We’ve mentioned before that the big deal in the late 70s and early 80s was super realistic paint schemes on baits. Photoprinting an image onto a lure became one way to get a very realistic finish on a piece of hard plastic. Another was to simply carve your bait into the actual shape of a prey item, witness the Bagley “Small Fry” line of baits, or Crankbait Corp. “Bullcat” series.
Whether that realism trend really helped an angler catch more fish or not was debatable, though a lot of anglers certainly jumped on the bandwagon. The general consensus seemed to be that in clear water situations it might help, but in stained or muddy water it was questionable. There was also the argument that prey items have the coloration they do as a means of trying to blend in with the background so as not to get eaten, and mimicking a natural pattern would actually work against an angler. Still, how much realism can you get out of a piece of plastic and wood?
That all changed in the late 80s when Bill Dance and Keeper Bait Co. came out with a couple baits that were molded foam. The first seemed harmless enough, the Dancin’ Eel. You could argue that it might represent a lamprey or a tadpole or even a snake, and thereby might be general enough to elicit strikes from a bass. But the bar was raised the following year, perhaps when their molding technology advanced (?), and they released the Dance’s Craw.
Touted on the package as “The most natural looking motion bait ever made”, this creation was a literal replica of a crawfish (or a small lobster depending on your perspective). Made of “space-age hydrofoam,” it was also equipped with a “hydrosonic stabilizer,” whatever the heck that meant. Finally, it had the same small plastic crankbait-like bill as found on the Dancin’ Eel.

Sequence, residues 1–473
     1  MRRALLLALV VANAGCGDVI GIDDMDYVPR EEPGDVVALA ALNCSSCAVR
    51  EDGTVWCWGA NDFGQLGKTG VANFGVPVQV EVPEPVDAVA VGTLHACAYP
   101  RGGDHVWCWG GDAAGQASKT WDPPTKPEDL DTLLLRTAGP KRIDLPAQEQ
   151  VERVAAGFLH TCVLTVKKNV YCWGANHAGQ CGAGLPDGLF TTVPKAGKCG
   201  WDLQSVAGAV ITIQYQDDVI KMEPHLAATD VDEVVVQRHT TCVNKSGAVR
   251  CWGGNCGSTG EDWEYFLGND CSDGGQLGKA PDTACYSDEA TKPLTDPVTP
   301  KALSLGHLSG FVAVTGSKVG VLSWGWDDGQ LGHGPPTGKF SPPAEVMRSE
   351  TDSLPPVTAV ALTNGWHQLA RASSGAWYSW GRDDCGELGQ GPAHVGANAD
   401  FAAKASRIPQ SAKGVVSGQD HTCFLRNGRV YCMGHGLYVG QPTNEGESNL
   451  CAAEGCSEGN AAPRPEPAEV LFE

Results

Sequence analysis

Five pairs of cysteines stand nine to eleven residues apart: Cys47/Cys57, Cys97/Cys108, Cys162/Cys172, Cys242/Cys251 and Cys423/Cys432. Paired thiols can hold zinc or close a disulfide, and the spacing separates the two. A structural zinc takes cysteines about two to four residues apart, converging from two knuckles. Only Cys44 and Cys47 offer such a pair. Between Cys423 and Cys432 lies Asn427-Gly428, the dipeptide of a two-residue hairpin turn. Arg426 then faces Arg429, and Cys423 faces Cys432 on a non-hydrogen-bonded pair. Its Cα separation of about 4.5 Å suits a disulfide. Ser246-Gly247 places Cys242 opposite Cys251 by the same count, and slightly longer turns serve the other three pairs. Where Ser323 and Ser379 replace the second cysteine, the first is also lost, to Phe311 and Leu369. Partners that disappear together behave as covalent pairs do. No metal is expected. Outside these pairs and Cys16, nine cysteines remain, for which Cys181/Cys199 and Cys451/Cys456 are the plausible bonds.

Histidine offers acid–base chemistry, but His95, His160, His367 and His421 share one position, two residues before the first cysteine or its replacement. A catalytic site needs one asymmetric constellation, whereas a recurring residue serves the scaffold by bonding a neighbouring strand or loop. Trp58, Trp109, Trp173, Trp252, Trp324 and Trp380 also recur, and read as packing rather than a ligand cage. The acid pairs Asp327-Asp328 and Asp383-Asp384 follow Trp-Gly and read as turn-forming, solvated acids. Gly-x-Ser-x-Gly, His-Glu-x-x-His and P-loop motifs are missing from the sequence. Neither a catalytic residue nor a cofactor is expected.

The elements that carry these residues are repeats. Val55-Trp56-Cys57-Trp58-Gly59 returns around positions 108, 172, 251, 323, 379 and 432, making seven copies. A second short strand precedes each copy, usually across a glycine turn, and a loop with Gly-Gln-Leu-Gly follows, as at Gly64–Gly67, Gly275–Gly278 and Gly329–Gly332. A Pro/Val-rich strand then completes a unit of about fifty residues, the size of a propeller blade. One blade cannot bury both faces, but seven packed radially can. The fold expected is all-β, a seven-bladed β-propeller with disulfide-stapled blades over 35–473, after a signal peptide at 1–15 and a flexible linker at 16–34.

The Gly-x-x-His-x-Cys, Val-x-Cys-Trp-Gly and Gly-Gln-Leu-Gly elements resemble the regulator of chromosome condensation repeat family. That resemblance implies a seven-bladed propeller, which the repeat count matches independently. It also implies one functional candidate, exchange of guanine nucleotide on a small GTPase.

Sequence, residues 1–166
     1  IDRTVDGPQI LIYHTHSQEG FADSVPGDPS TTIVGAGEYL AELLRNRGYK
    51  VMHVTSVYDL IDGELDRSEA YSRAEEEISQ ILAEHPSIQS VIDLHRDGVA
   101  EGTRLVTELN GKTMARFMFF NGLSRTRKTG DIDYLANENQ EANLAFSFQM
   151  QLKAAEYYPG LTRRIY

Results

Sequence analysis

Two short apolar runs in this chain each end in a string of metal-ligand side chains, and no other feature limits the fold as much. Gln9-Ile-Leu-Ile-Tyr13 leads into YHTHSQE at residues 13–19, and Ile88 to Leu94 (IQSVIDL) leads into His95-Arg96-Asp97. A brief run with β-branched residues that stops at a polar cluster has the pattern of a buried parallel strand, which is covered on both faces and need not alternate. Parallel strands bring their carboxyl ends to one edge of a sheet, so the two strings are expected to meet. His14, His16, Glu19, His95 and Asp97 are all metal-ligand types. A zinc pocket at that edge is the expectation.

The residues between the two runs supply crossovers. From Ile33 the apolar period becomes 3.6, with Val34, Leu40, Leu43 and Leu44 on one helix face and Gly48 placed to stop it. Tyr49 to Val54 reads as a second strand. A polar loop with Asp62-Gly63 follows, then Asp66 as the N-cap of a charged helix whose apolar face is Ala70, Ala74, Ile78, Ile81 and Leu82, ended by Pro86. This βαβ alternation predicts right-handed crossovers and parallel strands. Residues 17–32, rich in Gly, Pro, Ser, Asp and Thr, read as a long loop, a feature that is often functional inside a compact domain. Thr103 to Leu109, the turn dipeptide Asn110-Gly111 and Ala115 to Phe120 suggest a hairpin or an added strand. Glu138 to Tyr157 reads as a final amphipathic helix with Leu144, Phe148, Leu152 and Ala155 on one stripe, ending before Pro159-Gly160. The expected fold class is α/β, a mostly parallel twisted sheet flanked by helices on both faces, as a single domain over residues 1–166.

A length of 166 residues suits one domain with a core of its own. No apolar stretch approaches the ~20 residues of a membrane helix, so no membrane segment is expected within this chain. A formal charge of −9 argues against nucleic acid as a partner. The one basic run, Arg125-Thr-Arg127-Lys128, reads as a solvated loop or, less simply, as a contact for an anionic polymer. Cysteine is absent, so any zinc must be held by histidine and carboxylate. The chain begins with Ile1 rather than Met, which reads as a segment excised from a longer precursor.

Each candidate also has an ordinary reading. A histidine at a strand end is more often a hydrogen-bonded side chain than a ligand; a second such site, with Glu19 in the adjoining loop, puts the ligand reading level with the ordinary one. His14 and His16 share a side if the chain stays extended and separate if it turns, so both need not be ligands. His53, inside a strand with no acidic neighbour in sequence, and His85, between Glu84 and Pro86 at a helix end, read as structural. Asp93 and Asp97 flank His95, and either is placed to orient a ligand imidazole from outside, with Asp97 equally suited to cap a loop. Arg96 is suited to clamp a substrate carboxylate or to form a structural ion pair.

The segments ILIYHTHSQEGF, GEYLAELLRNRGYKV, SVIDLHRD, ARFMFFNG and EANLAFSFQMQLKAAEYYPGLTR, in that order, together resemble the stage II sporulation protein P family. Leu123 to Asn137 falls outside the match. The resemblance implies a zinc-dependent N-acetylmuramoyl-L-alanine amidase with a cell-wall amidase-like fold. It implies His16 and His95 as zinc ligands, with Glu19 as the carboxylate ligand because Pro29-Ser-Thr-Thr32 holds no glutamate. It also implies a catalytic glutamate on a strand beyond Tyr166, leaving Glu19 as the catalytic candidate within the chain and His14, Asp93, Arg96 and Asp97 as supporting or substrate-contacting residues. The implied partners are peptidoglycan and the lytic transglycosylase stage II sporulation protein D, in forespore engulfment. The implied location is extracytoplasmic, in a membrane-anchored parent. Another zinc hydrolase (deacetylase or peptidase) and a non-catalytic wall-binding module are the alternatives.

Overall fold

A general search of the Internet seems to suggest that most guys consider these two baits, especially the crawfish, as one of the biggest gimmick baits they’re ever purchased. Perhaps that’s another conversation for another time. Of course, Bill sure seemed to catch a lot of fish on this new super realistic bait, even if others didn’t, which brings up the question of was this thing too realistic?
Later research by Dr. Keith Jones of Berkley would show that when molded crayfish replicas were tested against bass, the ones that fared best in terms of strikes were the ones with all the extra appendages removed – no legs, no claws; basically just a fuselage-shaped body.
On the other hand, it’s hard to deny the effectiveness of some of these super realistic swimbaits out on the market today. So where does the line get drawn between realism and overkill?
Back on the Dance’s Craw, the public seemed to decide that one, witness the bait not being around too long. So while no one would question a basses fondness for eating crawfish, and it was certainly one of the most true-to-life baits at the time, it just goes to show that sometimes science and reality don’t always come together in a great way as far as fishing baits are concerned.